The history of the Ryder Cup
By mustang6560 on 9/25/12
Martin Davis, a golf historian for The Golf Channel, filed a piece in the New York Times about the interesting history of the Ryder Cup.
For many years, it was accepted as fact that the Ryder Cup was dreamed up in 1926 by Samuel Ryder, a successful English seed merchant, as he was celebrating at Wentworth Golf Club in Surrey, England, with a group of British professionals in the afterglow of their 13 ½-1 ½ victory over an American team. Marveling at the fine play and camaraderie between the two sides, Ryder reportedly said: "We must do this again! I'll donate the trophy."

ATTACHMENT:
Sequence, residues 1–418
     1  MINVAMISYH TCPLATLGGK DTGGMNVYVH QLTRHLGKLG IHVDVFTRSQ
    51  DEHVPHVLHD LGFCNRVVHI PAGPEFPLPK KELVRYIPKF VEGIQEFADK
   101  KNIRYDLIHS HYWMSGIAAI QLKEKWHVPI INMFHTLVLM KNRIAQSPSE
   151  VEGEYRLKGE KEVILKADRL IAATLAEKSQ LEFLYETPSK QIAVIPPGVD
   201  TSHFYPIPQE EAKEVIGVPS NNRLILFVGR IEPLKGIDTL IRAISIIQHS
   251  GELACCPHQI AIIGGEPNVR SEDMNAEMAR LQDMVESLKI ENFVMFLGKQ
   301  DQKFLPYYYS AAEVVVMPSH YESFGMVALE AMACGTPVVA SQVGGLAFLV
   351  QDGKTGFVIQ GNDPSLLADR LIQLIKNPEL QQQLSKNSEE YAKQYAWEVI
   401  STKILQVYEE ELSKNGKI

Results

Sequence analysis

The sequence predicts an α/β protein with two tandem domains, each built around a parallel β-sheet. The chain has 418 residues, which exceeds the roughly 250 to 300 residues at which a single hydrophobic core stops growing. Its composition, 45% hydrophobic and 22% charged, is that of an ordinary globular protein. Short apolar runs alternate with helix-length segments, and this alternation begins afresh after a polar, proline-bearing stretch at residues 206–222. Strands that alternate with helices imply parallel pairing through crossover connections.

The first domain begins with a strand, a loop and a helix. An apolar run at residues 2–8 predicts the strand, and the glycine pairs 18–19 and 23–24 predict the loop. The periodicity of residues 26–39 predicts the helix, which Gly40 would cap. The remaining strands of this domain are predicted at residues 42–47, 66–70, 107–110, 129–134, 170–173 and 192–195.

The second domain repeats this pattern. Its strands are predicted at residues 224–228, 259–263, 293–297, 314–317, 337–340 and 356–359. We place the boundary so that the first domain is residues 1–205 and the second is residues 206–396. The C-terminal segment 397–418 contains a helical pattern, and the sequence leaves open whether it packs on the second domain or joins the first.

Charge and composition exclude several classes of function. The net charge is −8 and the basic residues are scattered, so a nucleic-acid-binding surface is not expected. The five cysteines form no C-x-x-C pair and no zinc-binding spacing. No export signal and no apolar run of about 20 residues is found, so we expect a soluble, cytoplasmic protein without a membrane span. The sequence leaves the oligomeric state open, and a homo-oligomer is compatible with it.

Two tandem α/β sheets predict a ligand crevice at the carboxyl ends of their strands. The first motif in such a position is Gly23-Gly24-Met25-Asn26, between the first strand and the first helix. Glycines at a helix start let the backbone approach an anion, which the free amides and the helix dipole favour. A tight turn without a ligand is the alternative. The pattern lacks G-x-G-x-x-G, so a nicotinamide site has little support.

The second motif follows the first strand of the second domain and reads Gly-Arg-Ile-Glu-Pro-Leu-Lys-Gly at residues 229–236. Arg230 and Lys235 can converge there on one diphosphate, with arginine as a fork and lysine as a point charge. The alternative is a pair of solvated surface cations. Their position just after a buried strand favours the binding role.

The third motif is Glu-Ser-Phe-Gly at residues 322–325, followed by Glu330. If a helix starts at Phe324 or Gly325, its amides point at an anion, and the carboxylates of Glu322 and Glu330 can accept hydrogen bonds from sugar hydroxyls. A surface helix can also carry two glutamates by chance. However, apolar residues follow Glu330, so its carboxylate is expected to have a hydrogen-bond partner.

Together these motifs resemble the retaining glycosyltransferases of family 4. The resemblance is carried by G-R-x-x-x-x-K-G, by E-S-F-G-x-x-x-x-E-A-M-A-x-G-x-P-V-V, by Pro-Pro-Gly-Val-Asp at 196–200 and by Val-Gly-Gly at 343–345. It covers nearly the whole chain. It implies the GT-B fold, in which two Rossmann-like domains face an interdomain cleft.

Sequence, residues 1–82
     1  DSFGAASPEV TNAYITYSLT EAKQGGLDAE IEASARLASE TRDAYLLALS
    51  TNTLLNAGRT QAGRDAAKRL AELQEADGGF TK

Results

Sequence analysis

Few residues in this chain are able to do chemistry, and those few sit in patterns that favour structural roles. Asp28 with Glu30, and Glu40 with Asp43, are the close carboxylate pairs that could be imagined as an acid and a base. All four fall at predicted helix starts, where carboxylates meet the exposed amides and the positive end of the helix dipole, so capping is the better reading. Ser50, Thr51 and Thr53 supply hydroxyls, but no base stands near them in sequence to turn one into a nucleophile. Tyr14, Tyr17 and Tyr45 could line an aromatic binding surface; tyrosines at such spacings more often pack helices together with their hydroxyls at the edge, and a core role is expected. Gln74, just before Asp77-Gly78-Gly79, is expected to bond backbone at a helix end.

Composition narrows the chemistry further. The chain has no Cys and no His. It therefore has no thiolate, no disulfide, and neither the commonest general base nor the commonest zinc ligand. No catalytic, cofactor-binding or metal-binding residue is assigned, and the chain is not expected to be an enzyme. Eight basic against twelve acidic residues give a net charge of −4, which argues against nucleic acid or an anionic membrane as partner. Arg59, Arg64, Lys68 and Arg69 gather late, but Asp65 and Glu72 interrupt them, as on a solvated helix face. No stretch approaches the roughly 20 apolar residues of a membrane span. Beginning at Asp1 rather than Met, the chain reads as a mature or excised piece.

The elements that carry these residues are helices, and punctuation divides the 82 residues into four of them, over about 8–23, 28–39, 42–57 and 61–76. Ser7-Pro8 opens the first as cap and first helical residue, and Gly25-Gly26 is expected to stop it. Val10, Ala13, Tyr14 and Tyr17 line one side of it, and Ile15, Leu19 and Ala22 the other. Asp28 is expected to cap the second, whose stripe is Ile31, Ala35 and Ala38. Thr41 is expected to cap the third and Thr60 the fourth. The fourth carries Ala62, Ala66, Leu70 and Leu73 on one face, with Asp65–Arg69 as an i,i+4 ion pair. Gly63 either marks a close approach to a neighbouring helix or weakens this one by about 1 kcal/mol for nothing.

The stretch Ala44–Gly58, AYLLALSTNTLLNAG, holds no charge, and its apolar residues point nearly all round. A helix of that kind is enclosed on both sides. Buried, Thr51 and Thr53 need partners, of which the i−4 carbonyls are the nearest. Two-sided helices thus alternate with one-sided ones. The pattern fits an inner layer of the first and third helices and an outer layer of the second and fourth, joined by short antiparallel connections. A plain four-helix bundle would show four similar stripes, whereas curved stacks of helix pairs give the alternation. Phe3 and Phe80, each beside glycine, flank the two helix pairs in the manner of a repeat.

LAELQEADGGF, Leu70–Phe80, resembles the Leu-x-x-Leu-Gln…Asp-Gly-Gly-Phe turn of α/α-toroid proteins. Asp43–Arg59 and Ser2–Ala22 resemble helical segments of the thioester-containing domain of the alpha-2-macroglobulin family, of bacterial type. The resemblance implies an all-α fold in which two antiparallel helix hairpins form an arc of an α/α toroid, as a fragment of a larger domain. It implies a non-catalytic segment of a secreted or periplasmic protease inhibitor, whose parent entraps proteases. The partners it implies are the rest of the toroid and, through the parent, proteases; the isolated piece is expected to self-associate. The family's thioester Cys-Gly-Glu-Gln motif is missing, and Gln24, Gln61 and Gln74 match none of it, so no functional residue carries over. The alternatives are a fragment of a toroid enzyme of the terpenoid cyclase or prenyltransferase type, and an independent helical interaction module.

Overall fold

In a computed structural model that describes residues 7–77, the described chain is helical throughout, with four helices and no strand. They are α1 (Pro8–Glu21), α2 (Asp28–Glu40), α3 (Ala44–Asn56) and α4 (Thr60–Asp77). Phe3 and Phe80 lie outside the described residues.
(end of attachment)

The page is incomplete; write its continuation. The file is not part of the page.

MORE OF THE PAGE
Thus, the Ryder Cup was born. It is a nice story, but that is not what happened.

What became the Ryder Cup had been in the works for several years. Ryder and his brother, James, began staging challenge matches for British professionals at his golf club, Verulam Golf Club, just north of London, from 1923 to 1925.

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Image via PGA of America


[ comments ]
Kurt the Knife says:
*yawn*
oh, what?
9/25/12
 
[ post comment ]
 
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